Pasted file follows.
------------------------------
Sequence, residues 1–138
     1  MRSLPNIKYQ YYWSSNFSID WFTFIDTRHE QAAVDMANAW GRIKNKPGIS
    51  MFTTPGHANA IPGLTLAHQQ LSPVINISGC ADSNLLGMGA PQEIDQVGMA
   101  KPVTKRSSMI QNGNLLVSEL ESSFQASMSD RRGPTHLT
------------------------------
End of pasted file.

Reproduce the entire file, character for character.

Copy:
Sequence, residues 1–138
     1  MRSLPNIKYQ YYWSSNFSID WFTFIDTRHE QAAVDMANAW GRIKNKPGIS
    51  MFTTPGHANA IPGLTLAHQQ LSPVINISGC ADSNLLGMGA PQEIDQVGMA
   101  KPVTKRSSMI QNGNLLVSEL ESSFQASMSD RRGPTHLT